Rigging at India’s commodity exchanges behind price rise: Assocham

Many consumer rights groups have faulted trading in agricultural commodity price futures for the rapid rise in prices, but now, even the trade bodies are joining in.

Industry body Assocham gave out a strongly-worded statement decrying what it called the Harshad-Mehta-scam-like situation in India’s commodity exchanges, fueling a fantastic rise in prices.

“Turmeric, which was trading at Rs 35 per kg in January 2009, was manipulated to increase beyond Rs 150 per kg within a year. But in a few months, the same was brought down to around Rs 40 per kg.

“Similarly, the price of black pepper was Rs 225 per kg in April 2011 was manipulated to rise beyond Rs 432 per kg in March 2012, marking an increase of 95 per cent,” the trade body, which represents several of India’s top companies said.

It was worse in case of cattle-feed, it added.

“In the case of gaur seed and gaur gum the price manipulation is unbelievable.. The normal price of normal guar bean in the season is Rs 10 per kg, while guar seed is traded at Rs 25 per kg and guar gum at Rs 50 per kg.

“Unfortunately, due to a fraud being played by a few rouge traders, the prices were increased to Rs 291 per kg for guar seed and Rs 959 per kg for guar gum on March 21,” it said.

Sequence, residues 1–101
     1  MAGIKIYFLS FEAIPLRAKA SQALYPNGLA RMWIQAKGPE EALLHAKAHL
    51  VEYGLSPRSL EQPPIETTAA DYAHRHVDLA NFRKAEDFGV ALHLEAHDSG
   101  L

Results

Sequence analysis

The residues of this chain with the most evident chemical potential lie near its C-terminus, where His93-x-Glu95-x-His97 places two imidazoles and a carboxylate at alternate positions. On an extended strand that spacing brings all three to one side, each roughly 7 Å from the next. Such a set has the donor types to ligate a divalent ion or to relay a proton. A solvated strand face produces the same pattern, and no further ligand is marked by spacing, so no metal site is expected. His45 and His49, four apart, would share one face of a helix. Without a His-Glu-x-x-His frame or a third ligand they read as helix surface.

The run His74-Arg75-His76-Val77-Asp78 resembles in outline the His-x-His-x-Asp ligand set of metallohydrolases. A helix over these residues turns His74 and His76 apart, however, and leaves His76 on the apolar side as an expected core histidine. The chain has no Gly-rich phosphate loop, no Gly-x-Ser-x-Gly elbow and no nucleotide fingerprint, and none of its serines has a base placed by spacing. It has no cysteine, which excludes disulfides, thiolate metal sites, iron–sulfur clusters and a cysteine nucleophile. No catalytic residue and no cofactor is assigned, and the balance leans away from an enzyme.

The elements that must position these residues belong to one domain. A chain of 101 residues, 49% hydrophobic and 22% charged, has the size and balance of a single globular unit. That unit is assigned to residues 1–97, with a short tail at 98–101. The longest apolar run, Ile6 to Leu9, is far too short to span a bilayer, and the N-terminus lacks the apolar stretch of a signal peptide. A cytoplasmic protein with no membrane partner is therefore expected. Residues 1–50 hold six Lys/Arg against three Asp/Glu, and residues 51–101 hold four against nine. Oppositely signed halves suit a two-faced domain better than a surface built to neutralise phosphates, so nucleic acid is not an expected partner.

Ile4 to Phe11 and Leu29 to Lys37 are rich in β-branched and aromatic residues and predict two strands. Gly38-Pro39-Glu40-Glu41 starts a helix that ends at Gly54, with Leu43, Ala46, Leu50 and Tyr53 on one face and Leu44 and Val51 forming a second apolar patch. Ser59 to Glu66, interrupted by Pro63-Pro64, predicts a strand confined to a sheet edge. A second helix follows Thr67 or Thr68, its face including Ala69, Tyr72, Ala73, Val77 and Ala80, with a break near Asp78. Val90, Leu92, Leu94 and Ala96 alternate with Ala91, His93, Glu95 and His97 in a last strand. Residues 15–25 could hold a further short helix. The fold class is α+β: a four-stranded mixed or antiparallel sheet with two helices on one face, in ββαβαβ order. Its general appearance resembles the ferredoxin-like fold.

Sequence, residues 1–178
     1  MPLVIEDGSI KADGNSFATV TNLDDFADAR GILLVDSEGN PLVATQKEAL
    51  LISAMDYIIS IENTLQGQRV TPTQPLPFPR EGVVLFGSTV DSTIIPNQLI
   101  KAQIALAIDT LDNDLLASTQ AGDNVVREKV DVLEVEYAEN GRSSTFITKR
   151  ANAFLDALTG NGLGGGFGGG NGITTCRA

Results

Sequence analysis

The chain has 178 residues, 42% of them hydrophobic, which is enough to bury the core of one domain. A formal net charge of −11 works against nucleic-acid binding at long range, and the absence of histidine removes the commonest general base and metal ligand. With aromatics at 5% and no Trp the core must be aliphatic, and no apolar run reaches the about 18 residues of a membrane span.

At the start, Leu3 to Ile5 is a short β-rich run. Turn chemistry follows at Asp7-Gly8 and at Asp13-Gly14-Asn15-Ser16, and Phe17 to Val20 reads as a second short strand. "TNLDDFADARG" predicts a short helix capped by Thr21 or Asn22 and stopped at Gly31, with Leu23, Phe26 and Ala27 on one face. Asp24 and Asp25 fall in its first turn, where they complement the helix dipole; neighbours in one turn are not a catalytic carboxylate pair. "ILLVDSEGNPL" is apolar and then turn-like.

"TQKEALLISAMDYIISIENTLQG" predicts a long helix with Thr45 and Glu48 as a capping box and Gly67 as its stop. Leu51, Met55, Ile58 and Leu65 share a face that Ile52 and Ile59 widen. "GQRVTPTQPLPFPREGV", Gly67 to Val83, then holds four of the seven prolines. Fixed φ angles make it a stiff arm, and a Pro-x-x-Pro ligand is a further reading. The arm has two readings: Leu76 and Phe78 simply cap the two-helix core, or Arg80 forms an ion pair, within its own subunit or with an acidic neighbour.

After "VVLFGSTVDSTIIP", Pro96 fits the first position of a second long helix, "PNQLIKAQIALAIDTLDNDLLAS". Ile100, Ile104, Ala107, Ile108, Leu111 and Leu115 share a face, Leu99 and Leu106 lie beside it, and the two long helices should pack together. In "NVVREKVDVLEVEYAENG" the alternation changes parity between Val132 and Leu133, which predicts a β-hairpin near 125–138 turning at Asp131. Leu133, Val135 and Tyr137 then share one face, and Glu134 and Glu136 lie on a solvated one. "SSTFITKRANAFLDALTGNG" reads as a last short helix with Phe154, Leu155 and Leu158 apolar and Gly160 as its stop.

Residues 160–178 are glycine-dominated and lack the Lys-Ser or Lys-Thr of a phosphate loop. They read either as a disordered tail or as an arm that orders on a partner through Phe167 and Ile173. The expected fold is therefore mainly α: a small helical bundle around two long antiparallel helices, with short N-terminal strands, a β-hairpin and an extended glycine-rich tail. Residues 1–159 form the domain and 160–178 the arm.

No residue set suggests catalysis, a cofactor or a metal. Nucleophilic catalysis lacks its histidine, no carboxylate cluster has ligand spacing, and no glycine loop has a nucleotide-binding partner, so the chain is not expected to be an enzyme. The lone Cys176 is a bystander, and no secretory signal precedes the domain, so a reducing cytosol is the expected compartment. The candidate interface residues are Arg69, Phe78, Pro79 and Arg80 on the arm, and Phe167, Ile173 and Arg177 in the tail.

“It is unbelievable that the fodder for animal is priced at Rs 291 per kg – much more than the price of cereals and pulses being used for human consumption,” said S.K. Jindal, chairman of investments committee at The Associated Chambers of Commerce and Industry of India (ASSOCHAM).

The commodity exchanges are similar to stock exchanges, except for the fact that people bet on the future prices of agricultural commodities.

Many companies use the prices discovered in the exchange to price their commodities, both for sale and for consumption.

“Commodity exchanges were set up in 2003 to support small farmers, traders and exporters to minimise their risk in futures market and for price discovery of their produce…

“However, recent developments indicate that the FMC has not been able to ensure fair and transparent working… There have been manipulations and heavy speculative transactions in agricultural commodities like cereals, sugar and pulses,” the trade body said.

According to Assocham, a group of individuals are rigging the market, making prices go up or down as they want.

“These players – because of their inside knowledge and control over the [exchange] – are able to manipulate prices substantially. In the process, poor agriculturalists, traders and exporters suffer huge losses,” Jindal added.

After government intervention, the focus of traders has shifted to commodities other than primary items like sugar to those like turmeric, black pepper, gaur seed and gaur gum, Assocham said.

“This manipulation in price and fraud is benefitting a few rouge traders and thousands of genuine traders, hedgers, exporters and farmers are losing their money, he added. This artificial price increase is against the interest of farmers who will not be able to buy expensive guar seed for their next crop,” it said.

The Forward Markets Commission, the regulator, should order investigation into accounts of 20 top traders who have benefitted from the receipts of m-to-m payments from small traders and hedgers, the trade body urged.

It also wants new rules to prevent similar situations from arising again.